You are the owner of this article.
Ernst presents medals to Muscatine man
Veterans

Ernst presents medals to Muscatine man

Vietnam veteran who never received badge, medal finally gets them during senator's visit

{{featured_button_text}}

MUSCATINE, Iowa — Veterans affairs — and the long-delayed medals for one local vet — brought U.S. Sen Joni Ernst to the Muscatine chapter of the Veterans of Foreign Wars on Tuesday morning.

In a brief ceremony at the organization's Muscatine headquarters, Ernst, R-Iowa, presented Muscatine resident Lyle Kemper with the Good Conduct Medal and the Expert Rifleman's Badge.

"I'd like to extend my gratitude to you for your services to your country," said Ernest, who served in Kuwait during Operation Iraqi Freedom and is currently a lieutenant colonel in the Iowa National Guard.

Kemper served in the U.S. Army at an Albuquerque, New Mexico, military base from 1961 to 1966 during the Vietnam War. After his service, the longtime Muscatine resident worked for Prime Mover and the Hon Company before retirement.

Kemper noted that he had never received the medals decades after his service ended. Through the Muscatine County Veterans' Affairs office, he was put in contact with Ernst's office, and he said they had managed to resolve the issue in just a couple of weeks.

"She did a great job of this," he said.

After the ceremony, Ernst, who is only in the third month of her first term in the U.S. Senate, said she wants to make sure that her office is open for all Iowans and their concerns, noting that she has already met with 800 Iowa residents at her Washington office so far this year.

The senator also reviewed several veterans related and national security issues she has been working on since arriving in Washington. She discussed the first bill that she has introduced into Congress, which would both expand mental health services at VA care facilities and allow veterans access to private care providers to shorten waiting periods for such services.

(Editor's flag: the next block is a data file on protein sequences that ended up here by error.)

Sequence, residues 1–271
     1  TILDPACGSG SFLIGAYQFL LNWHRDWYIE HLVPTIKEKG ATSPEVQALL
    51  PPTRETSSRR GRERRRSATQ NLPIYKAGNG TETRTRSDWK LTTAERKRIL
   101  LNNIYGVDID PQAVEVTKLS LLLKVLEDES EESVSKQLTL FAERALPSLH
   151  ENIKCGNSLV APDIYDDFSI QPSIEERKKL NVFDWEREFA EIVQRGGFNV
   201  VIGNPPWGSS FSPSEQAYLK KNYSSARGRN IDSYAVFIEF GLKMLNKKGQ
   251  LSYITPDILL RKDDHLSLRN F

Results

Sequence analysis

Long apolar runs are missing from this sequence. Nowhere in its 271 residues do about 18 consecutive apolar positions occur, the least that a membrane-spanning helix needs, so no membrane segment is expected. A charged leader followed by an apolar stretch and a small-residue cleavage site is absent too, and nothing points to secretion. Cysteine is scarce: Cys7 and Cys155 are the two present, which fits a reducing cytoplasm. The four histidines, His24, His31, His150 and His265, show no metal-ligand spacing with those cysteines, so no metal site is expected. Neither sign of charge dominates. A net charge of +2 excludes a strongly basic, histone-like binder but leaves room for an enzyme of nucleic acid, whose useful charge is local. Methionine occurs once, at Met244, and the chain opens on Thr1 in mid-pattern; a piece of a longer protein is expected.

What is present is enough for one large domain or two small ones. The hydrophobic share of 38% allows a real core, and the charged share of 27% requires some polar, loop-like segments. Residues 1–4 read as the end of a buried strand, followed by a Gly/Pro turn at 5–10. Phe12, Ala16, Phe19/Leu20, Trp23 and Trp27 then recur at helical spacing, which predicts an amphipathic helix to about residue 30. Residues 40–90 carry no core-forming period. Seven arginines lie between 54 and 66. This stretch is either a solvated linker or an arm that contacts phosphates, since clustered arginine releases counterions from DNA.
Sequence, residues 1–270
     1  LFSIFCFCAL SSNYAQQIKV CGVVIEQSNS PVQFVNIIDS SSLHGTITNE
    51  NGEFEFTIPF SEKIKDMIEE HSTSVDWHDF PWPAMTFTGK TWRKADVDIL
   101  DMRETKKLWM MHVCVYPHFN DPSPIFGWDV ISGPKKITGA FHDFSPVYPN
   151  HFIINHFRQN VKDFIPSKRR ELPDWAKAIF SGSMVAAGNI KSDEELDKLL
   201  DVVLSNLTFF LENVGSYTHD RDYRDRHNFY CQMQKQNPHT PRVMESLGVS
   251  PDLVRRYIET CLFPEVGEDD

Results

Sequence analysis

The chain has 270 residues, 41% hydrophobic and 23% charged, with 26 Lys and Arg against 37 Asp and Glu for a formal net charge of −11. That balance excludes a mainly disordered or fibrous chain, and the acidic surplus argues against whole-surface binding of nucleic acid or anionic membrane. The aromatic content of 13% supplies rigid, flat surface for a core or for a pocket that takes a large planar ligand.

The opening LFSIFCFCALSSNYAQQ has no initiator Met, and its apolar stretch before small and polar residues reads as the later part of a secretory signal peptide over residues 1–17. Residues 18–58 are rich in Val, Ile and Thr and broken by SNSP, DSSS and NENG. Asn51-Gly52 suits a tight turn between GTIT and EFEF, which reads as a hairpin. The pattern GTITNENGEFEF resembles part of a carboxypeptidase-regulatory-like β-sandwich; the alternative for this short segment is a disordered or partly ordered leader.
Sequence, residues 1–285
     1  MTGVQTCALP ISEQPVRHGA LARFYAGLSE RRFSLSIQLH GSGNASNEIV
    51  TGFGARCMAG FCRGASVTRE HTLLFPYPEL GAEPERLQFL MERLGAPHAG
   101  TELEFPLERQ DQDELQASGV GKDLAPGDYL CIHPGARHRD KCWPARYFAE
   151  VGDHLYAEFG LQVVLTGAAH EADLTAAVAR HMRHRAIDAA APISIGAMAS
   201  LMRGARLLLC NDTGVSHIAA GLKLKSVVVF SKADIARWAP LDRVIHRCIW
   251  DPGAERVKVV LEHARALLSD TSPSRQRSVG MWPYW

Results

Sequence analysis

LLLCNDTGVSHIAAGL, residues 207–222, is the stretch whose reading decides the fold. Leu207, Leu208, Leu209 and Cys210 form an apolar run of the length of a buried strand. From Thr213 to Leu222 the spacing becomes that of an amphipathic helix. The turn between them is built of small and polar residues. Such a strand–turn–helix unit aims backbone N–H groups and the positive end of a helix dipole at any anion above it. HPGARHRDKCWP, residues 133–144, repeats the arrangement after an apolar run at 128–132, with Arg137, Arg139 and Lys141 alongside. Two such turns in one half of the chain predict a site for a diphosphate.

Ernst noted that the average wait for an initial mental health consultation for veterans in the VA system is 36 days, and that an average of 22 veterans are committing suicide every day.

"If we can prevent that, we need to do it," Ernst said. "Every era [of veterans] struggles with these issues."

Ernst said that she included the private option for mental health care to speed up waiting times, and make such care more accessible to rural veterans who may not have easy access to VA facilities.

The stop in Muscatine was one of three for the day, part of her 99-county tour. She was also slated to visit Kinze Manufacturing in Wililamsburg and Brownells Factory in Grinnell. 

0
0
0
0
0

Get local news delivered to your inbox!

* I understand and agree that registration on or use of this site constitutes agreement to its user agreement and privacy policy.

Government and general news reporter

Related to this story

Most Popular

Get up-to-the-minute news sent straight to your device.

Topics

News Alerts

Breaking News